Welcome to today’s stop on the blog tour for Sometimes People Die by Simon Stephenson. My thanks to Sofia at Midas PR for inviting me to take part in the tour and for my digital review copy. Do check out the posts by my tour buddies for today, Joanna at Over The Rainbow Book Blog and Amanda at Ginger Book Geek.
About the Book
The year is 1999. Returning to practice after a suspension for stealing opioids, a young Scottish doctor takes the only job he can find: a post as a senior house officer in the struggling east London hospital of St Luke’s.
Amid the maelstrom of sick patients, over-worked staff and underfunded wards a darker secret soon declares itself: too many patients are dying.
Which of the medical professionals our protagonist has encountered is behind the murders? And can our unnamed narrator’s version of the events be trusted?
Format: Hardback (368 pages) Publisher: The Borough Press
Publication date: 1st September 2022 Genre: Crime, Thriller
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I really enjoyed this fascinating mix of medical memoir, with its realistic insight into the challenges of being a junior doctor in a busy hospital, and intriguing murder mystery. I suspect anyone who has ever worked in a hospital setting will recognise the long hours, the exhausting night shifts, the challenge of scarce resources, the neverending paperwork and the snatched meal breaks depicted by the author. And, of course, the life and death decisions junior doctors are required to make, often in a state of near exhaustion. Those in the medical profession will no doubt also be impressed by the level of detail of diagnostic techniques, medical interventions and drug regimes, something that could surely only come from someone with the author’s background.
The voice of the unnamed narrator is sardonic, cynical and displays the black humour that is often a prequisite for getting through the day, for processing the traumatic things witnessed day in and day out, and coming to terms with the fact that despite best efforts ‘sometimes people die’. Having said that there’s also lot of gentle humour. For example, the ‘granny-dumping’ that occurs on Fridays preceding a summer bank holiday weekend, our narrator’s sessions with his narcoleptic CBT therapist or the medical examination case study that turns out to be a little difficult.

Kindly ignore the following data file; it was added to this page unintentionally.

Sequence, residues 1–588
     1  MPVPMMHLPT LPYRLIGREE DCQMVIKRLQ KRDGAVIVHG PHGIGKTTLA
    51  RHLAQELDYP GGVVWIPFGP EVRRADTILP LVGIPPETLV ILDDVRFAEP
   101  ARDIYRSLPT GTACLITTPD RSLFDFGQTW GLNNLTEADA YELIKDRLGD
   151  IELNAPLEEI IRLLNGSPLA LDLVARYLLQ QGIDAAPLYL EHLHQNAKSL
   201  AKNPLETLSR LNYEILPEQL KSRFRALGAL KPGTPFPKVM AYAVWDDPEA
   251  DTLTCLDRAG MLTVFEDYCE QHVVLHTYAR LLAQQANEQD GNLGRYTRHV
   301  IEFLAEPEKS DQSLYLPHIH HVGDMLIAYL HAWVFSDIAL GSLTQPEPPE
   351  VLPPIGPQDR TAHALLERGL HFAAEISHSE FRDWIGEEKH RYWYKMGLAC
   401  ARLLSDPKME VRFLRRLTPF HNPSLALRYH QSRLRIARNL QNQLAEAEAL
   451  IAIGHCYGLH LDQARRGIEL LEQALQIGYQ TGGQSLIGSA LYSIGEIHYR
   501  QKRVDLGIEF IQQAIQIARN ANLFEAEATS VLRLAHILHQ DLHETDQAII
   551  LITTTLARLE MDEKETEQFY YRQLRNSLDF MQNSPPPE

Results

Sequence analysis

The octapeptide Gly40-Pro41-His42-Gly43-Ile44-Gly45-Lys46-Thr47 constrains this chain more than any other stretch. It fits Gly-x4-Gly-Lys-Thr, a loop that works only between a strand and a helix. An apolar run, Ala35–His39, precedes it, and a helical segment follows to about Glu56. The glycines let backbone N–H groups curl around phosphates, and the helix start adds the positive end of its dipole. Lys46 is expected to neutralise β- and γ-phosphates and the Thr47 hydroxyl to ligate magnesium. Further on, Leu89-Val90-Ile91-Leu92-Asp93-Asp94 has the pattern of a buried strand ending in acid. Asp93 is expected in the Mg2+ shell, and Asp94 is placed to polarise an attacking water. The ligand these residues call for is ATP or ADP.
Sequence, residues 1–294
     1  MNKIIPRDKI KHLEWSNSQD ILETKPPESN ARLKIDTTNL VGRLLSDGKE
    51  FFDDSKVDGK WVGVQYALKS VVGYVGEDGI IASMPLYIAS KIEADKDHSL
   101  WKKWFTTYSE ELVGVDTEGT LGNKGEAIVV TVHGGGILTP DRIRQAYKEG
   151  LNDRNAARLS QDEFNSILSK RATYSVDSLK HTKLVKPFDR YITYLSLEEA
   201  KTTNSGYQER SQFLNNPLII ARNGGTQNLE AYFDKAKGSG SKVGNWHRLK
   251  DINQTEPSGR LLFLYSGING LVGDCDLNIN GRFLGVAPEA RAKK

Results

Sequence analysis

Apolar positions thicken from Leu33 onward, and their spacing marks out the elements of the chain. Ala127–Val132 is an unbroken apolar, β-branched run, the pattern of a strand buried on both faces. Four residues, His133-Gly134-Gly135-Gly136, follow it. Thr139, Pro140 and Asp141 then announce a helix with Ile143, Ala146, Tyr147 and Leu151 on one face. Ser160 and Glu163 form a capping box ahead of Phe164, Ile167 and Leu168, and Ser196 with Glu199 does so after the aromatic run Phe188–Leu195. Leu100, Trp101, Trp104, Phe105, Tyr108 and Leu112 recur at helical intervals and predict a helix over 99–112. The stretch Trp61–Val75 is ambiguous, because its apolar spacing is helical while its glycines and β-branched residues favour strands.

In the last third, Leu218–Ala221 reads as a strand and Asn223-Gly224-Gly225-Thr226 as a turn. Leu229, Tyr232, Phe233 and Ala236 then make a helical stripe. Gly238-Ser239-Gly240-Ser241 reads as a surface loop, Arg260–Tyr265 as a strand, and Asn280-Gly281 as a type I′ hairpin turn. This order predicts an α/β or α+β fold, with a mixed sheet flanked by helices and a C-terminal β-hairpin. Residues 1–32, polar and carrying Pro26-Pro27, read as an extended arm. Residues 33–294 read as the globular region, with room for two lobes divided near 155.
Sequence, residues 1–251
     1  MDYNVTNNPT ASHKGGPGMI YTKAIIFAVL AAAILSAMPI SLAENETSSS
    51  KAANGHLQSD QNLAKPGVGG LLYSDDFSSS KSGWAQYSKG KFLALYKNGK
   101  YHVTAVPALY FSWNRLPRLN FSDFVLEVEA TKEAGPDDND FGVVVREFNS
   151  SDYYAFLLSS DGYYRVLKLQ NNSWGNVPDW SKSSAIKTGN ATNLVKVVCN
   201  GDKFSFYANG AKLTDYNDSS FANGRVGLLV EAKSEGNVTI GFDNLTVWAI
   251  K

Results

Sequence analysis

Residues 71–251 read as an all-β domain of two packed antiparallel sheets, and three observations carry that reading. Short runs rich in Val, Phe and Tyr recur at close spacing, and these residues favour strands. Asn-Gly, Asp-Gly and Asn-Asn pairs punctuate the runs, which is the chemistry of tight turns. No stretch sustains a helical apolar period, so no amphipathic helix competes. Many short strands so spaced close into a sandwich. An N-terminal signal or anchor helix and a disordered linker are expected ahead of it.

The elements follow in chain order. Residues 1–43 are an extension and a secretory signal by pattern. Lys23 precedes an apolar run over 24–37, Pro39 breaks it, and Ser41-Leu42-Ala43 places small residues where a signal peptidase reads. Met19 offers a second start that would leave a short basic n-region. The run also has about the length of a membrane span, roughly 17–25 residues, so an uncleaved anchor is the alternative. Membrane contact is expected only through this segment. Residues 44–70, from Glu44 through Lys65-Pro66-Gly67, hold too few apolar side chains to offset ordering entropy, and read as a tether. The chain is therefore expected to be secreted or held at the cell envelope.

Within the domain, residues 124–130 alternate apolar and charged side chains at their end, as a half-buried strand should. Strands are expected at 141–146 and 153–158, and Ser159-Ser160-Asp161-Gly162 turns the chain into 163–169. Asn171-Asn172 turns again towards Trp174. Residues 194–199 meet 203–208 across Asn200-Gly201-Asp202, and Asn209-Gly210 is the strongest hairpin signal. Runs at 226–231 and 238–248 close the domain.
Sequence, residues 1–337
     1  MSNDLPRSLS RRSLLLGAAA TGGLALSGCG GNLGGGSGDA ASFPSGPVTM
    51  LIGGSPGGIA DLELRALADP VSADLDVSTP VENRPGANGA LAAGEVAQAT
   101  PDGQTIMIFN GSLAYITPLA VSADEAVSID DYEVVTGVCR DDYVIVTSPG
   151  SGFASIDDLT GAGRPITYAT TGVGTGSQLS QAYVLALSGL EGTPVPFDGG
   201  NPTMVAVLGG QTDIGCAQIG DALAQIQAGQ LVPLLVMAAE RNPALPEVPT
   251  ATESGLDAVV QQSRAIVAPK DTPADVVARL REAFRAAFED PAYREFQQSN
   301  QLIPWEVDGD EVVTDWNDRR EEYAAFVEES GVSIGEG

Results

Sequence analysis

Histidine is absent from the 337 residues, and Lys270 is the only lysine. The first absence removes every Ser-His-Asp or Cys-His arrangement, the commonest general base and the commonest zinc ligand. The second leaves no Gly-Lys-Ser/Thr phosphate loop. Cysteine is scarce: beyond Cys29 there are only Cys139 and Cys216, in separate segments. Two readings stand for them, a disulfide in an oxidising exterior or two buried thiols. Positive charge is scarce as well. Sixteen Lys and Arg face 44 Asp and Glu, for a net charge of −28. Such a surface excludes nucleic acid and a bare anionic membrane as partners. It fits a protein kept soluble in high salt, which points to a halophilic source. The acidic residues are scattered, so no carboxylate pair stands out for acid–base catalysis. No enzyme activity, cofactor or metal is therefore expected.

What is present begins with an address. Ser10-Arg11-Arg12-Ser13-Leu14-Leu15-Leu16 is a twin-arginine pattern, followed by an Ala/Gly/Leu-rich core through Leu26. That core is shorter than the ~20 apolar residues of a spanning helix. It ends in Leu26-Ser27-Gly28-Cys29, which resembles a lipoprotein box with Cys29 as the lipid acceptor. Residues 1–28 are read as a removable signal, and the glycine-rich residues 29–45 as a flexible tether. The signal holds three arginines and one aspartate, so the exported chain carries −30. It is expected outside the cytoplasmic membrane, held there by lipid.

Our narrator is unsparing when it comes to admitting his own weaknesses, meaning the reader never loses sympathy with him even during his most serious lapses and expecially when he finds himself under suspicion of involvement in what turns out to be a case of murder. His compassion and dedication to his patients is never in doubt, unless of course you agree with the detectives assigned to the case that’s he’s the obvious culprit. I particularly loved his friendship with the affable George whose offer of a room allows him to escape from his previous accommodation, aka Stalag Motorsport.
For those beginning to think this sounds too much like a medical memoir, I can reassure you that at the heart of the book is an intriguing, cleverly constructed murder mystery with plenty of red herrings and false trails… or should that be debatable diagnoses and misleading symptoms. There are unexpected revelations akin to suddenly drawing back the cubicle curtains around a hospital bed and at one point a rather different form of intensive care. And I don’t think there are many books where a cactus and an articulated skeleton called Patrick play a significant role in the story, although I’m happy to be corrected on that.
Another thing I enjoyed about the book are the occasional sections that describe real life murderers who practiced medicine, from famous cases such as Dr. Crippen and Harold Shipman to less well-known ones. What’s surprising – or perhaps depressing is a better word – is how long in some cases it took for their crimes to be discovered, either through negligence or a kind of medical omerta.
I thoroughly enjoyed Sometimes People Die‘s blend of dark humour, skilfully constructed plot and convincing detail.
In three words: Clever, witty, intriguing
About the Author
Simon Stephenson originally trained as a doctor and worked in Scotland and London. He previously wrote Let Not the Waves of the Sea, a memoir about the loss of his brother in the Indian ocean tsunami. It won Best First Book at the Scottish Book Awards, was a Book of the Week on BBC Radio 4, and a Daily Telegraph Book of the Year.
His first novel, Set My Heart to Five was a Bookseller Book of the Month and was described by the Daily Mail as ‘Funny, original and thought-provoking.’ It has been optioned by Working Title Films to be directed by Edgar Wright from Stephenson’s screenplay.
He currently lives in Los Angeles, in a house where a famous murder took place. As a screenwriter, he originated and wrote the Benedict Cumberbatch starrer The Electrical Life of Louis Wain and wrote the story for Pixar’s Luca. He also contributed to everybody’s favourite film, Paddington 2.